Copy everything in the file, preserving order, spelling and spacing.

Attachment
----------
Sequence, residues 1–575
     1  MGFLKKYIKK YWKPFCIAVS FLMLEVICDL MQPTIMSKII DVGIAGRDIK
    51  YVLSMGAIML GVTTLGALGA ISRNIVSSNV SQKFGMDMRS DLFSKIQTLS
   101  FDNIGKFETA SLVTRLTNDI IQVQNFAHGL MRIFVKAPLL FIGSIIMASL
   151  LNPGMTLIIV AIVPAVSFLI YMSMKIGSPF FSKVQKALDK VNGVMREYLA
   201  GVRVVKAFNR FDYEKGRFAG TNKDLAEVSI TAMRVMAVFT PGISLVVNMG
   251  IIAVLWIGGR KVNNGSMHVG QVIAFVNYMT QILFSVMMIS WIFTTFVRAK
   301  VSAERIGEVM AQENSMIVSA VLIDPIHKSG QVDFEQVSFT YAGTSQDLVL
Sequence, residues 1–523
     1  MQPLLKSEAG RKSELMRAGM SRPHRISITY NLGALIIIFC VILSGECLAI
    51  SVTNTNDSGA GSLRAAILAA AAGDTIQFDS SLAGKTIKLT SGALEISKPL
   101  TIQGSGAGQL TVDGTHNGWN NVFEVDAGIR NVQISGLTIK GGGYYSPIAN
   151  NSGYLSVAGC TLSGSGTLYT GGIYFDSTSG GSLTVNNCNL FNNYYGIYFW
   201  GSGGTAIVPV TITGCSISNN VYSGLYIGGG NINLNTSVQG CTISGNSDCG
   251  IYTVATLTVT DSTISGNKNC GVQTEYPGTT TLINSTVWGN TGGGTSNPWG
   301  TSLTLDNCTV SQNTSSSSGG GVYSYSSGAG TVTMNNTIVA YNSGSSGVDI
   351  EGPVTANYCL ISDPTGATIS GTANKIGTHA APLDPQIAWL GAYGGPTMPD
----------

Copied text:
Sequence, residues 1–575
     1  MGFLKKYIKK YWKPFCIAVS FLMLEVICDL MQPTIMSKII DVGIAGRDIK
    51  YVLSMGAIML GVTTLGALGA ISRNIVSSNV SQKFGMDMRS DLFSKIQTLS
   101  FDNIGKFETA SLVTRLTNDI IQVQNFAHGL MRIFVKAPLL FIGSIIMASL
   151  LNPGMTLIIV AIVPAVSFLI YMSMKIGSPF FSKVQKALDK VNGVMREYLA
   201  GVRVVKAFNR FDYEKGRFAG TNKDLAEVSI TAMRVMAVFT PGISLVVNMG
   251  IIAVLWIGGR KVNNGSMHVG QVIAFVNYMT QILFSVMMIS WIFTTFVRAK
   301  VSAERIGEVM AQENSMIVSA VLIDPIHKSG QVDFEQVSFT YAGTSQDLVL
Sequence, residues 1–523
     1  MQPLLKSEAG RKSELMRAGM SRPHRISITY NLGALIIIFC VILSGECLAI
    51  SVTNTNDSGA GSLRAAILAA AAGDTIQFDS SLAGKTIKLT SGALEISKPL
   101  TIQGSGAGQL TVDGTHNGWN NVFEVDAGIR NVQISGLTIK GGGYYSPIAN
   151  NSGYLSVAGC TLSGSGTLYT GGIYFDSTSG GSLTVNNCNL FNNYYGIYFW
   201  GSGGTAIVPV TITGCSISNN VYSGLYIGGG NINLNTSVQG CTISGNSDCG
   251  IYTVATLTVT DSTISGNKNC GVQTEYPGTT TLINSTVWGN TGGGTSNPWG
   301  TSLTLDNCTV SQNTSSSSGG GVYSYSSGAG TVTMNNTIVA YNSGSSGVDI
   351  EGPVTANYCL ISDPTGATIS GTANKIGTHA APLDPQIAWL GAYGGPTMPD